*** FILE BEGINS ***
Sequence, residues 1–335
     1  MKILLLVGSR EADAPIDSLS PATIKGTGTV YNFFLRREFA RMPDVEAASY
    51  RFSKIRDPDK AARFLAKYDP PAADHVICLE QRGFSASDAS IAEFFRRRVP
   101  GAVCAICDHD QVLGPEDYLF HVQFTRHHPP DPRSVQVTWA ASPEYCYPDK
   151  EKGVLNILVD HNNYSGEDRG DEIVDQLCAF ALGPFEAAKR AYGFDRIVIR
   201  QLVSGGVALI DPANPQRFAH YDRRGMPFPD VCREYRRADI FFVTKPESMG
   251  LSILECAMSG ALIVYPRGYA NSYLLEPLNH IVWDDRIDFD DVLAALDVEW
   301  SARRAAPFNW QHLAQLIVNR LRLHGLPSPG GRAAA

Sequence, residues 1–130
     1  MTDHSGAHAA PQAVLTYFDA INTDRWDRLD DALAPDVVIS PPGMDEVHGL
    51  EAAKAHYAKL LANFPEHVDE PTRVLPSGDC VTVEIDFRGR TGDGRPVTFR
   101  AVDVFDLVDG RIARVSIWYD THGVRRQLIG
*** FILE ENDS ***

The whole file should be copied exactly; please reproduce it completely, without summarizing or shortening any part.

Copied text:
Sequence, residues 1–335
     1  MKILLLVGSR EADAPIDSLS PATIKGTGTV YNFFLRREFA RMPDVEAASY
    51  RFSKIRDPDK AARFLAKYDP PAADHVICLE QRGFSASDAS IAEFFRRRVP
   101  GAVCAICDHD QVLGPEDYLF HVQFTRHHPP DPRSVQVTWA ASPEYCYPDK
   151  EKGVLNILVD HNNYSGEDRG DEIVDQLCAF ALGPFEAAKR AYGFDRIVIR
   201  QLVSGGVALI DPANPQRFAH YDRRGMPFPD VCREYRRADI FFVTKPESMG
   251  LSILECAMSG ALIVYPRGYA NSYLLEPLNH IVWDDRIDFD DVLAALDVEW
   301  SARRAAPFNW QHLAQLIVNR LRLHGLPSPG GRAAA

Sequence, residues 1–130
     1  MTDHSGAHAA PQAVLTYFDA INTDRWDRLD DALAPDVVIS PPGMDEVHGL
    51  EAAKAHYAKL LANFPEHVDE PTRVLPSGDC VTVEIDFRGR TGDGRPVTFR
   101  AVDVFDLVDG RIARVSIWYD THGVRRQLIG